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Posts Tagged ‘quotations’

Increasingly I’m coming to believe that I’m totally wasting my time in assiduously searching all sorts of websites, databases and books to figure out whether or not Thomas Jefferson is the source of a given quote.  Really (I tell myself), if it quacks like a duck, it’s most likely a duck.  Or, in my case, if it sounds like a Hallmark card or a self-help book, it’s probably not from the pen of Thomas Jefferson.

Just to entertain you, here are some of my favorite silly quotes that people have attributed to  Jefferson:

Ha ha!  Those are awful.  No way Thomas Jefferson ever wrote any of that twaddle!

The latest “clunker,” as I call these types of, er, obvious non-TJ quotes, is apparently fluttering around the Twitter-verse, and goes like this: “Honesty is the first chapter in the book of wisdom.”  Gah!  It sounds like a Hallmark card.

But, as you may have already surmised from my title, my TJ-quotation radar was totally off in this instance.   He did write that.  “I am sure [the succeeding generation] will have more worldly wisdom, and enough, I hope, to know that honesty is the 1st chapter in the book of wisdom.”  (to Nathaniel Macon, January 12, 1819)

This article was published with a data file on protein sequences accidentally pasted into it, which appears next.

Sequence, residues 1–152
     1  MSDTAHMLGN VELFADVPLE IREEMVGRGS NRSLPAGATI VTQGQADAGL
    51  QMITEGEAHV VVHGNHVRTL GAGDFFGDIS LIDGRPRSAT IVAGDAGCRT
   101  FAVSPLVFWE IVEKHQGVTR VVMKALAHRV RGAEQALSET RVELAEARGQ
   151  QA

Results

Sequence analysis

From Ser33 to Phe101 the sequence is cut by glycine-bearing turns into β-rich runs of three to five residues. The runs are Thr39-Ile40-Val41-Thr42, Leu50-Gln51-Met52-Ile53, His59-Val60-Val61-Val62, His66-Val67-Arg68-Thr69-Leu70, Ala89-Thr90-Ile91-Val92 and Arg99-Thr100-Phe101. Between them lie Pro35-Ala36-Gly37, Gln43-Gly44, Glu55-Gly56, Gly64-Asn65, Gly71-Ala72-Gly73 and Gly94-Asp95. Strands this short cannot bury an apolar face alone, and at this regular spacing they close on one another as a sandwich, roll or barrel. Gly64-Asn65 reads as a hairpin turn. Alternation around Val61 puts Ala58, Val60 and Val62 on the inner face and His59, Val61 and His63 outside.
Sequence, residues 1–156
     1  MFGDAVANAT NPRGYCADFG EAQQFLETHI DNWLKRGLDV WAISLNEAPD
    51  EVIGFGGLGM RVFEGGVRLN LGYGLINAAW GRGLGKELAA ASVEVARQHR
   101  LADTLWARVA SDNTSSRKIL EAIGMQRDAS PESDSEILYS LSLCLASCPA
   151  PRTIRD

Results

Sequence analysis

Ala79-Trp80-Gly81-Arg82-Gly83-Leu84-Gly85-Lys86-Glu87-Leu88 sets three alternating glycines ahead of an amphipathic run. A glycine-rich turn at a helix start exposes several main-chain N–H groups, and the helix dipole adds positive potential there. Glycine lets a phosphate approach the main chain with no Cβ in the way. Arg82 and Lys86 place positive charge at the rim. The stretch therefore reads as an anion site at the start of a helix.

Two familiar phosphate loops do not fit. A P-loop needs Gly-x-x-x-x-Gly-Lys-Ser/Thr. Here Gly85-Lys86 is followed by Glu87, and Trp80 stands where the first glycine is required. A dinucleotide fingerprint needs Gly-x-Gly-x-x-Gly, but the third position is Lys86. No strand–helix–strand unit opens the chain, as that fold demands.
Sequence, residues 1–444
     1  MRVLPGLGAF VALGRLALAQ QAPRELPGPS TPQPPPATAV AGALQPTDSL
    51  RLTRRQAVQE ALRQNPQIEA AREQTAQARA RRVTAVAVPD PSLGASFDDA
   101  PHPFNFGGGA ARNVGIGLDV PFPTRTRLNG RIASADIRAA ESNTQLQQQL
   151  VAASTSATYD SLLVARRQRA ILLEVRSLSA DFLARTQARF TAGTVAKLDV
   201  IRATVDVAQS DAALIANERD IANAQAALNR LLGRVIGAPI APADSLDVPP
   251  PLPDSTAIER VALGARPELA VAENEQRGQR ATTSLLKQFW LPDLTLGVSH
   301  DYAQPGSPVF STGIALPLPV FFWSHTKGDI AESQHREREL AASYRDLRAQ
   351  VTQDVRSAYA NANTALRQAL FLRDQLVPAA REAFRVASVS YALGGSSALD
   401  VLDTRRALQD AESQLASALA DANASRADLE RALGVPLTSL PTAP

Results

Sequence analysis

So, no intuitive shortcuts.  Even the author of the Declaration of Independence wrote cheesy stuff sometimes.

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One of our alert former fellows brought Hillary Clinton’s quotation of Jefferson during her recent Secretary of State confirmation hearings to my attention.  Of course I can’t help myself from checking to make sure that famous people quoting TJ have actually gotten their quotes correct, because a) I’m a stickler, and b) someone else will surely ask about it.

This one is a weird little documentary curiosity, as it turns out.  Jefferson did in fact write this, but only in a draft, which was later revised to exclude the portion that Hillary is quoting.  Jefferson’s “Paragraphs for the President’s Annual Message to Congress,” which he prepared for George Washington in October 1792 at Washington’s request, begins:

The interests of a nation, when well understood, will be found to coincide with their moral duties.  Among these it is an important one to cultivate habits of peace and friendship with our neighbors.  To do this we should make provision for rendering the justice we must sometimes require from them.  I recommend therefore to your consideration Whether the laws of the Union should not be extended to restrain our citizens from committing acts of violence within the territories of other nations, which would be punished were they committed within our own. – And in general the maintenance of a friendly intercourse with foreign nations will be presented to your attention by the expiration of the law for that purpose, which takes place, if not renewed, at the close of the present session. (Papers of Thomas Jefferson, 24:486; letterpress copy at Library of Congress)